Every mind has a unique balance between the weight of its thoughts (Wind) and the current on which they coast (Water). Increasing the influence of Wind in the carall does not cause the influence of Water to rise too – if anything, as the influence of Wind waxes, that of the other three elements wane. If thoughts abruptly grow lighter but the speed of the main current (the speed at which a mind thinks, the speed at which it sifts through ideas) remains constant, cognition can no longer keep up with these thoughts and they will be swept away by the next impromptu current surging past.

Thus is the generally accepted theory - but not without controversy! According to some mages, such as Drasil Razorfang, to say that thoughts can ‘lose mass’ as it were and ‘float away’ is to take a metaphor too far. They argue that the spell actually manipulates the Wind property of ‘ethereality/invisibility/intangibility’ and causes the thought to take a less solid form, in a sense ‘disappearing.’ However, proponents of the theory espoused above point out that making the target’s thoughts ‘invisible’ to himself is a different spell (see: Concealed Sentiments). The difference between the two spells is that ‘Floating Thoughts’ does not ‘hide’ the contents of the target mind: the thoughts are still reachable, they simply become more difficult to keep within view, so to say. There is after all a difference between absent-mindedness and the mind ‘going blank’. Return to the top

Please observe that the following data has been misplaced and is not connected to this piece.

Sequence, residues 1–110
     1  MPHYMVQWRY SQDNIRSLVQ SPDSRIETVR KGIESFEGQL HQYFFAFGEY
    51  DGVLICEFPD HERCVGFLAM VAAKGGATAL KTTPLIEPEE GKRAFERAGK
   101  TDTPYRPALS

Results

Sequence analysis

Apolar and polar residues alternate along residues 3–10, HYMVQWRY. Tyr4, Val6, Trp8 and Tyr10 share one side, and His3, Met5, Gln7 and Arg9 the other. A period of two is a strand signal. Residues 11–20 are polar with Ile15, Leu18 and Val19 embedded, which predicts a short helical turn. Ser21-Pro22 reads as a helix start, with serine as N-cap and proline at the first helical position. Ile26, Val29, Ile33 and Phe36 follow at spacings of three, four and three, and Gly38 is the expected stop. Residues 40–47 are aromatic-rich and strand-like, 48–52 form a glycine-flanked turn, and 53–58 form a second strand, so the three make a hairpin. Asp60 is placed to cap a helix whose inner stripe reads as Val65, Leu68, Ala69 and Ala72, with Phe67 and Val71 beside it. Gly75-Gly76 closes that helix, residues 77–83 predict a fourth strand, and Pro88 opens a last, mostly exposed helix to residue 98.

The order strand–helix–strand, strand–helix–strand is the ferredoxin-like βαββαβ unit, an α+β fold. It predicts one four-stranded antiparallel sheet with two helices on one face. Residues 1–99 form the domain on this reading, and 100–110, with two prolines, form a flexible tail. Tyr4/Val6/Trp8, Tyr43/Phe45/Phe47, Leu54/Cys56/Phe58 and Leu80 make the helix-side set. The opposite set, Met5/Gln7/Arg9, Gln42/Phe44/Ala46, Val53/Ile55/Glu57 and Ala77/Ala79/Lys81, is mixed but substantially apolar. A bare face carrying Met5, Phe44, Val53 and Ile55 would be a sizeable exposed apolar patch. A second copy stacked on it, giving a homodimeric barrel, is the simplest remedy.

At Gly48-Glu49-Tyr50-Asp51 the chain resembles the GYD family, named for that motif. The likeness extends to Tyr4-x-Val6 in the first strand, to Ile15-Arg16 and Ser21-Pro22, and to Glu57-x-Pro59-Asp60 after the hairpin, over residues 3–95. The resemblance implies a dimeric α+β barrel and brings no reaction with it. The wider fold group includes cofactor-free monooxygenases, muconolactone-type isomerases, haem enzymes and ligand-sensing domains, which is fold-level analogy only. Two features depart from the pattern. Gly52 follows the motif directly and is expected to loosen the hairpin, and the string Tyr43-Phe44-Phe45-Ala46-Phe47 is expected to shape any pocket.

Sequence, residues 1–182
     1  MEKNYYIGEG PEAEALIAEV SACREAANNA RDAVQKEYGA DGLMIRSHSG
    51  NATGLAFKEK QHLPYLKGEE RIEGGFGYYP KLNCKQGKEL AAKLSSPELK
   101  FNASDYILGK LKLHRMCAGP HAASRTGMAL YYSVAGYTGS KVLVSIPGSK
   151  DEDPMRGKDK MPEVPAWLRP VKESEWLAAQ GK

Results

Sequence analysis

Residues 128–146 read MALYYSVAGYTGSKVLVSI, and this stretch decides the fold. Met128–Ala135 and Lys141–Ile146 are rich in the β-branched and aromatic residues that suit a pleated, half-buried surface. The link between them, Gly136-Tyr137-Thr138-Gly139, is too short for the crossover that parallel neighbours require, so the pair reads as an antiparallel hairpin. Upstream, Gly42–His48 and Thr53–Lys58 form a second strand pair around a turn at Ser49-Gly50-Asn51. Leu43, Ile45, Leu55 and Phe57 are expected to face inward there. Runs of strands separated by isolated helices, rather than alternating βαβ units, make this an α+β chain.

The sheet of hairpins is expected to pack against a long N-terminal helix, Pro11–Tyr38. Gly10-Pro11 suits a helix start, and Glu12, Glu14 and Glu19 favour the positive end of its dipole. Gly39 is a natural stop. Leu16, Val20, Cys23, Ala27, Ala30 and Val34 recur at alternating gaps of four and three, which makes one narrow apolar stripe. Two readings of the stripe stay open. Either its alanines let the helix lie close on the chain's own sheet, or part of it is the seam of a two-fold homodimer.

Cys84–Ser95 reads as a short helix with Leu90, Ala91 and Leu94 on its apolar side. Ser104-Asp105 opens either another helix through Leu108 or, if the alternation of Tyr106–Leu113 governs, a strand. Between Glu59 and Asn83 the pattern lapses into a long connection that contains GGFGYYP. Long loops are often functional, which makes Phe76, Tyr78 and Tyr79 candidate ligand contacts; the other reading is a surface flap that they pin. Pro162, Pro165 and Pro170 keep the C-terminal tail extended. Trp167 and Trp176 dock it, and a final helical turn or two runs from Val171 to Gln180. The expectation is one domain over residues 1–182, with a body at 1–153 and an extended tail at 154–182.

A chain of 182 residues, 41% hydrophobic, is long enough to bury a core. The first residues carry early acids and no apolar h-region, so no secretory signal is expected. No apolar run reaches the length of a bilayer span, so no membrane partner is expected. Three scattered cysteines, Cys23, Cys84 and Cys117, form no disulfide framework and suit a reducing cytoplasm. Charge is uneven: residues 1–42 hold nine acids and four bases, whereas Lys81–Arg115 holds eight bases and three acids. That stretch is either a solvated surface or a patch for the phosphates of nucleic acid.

Magical Formula. Still to be defined. Return to the top

Focus/Target. Any sentient being. Note that the spell is harder to cast on dwarves and other creatures whose carall is dominated by the Element of Earth and its associated qualities of heaviness and stability. Return to the top

Reagents. A feather and indeed any other object that is characteristically light or weightless may be used as a reagent. The presence of a light breeze might also function as a reagent – the wind acting as a tangible reference for the (spiritual) qualities the mage wishes to bring forth in the cár'áll. Return to the top

Spell Class. Lightness, spiritual representation of Sphere I. Return to the top

Range. At the beginning touch is required. From level three onwards, Floating Thoughts can be cast from a distance:

Casting Time. Lower level mages might require anywhere between one to three minutes to cast Floating Thoughts (since this is a Sphere I spell, once cast the mage will have to keep maintaining the spell or the effects will disperse). Return to the top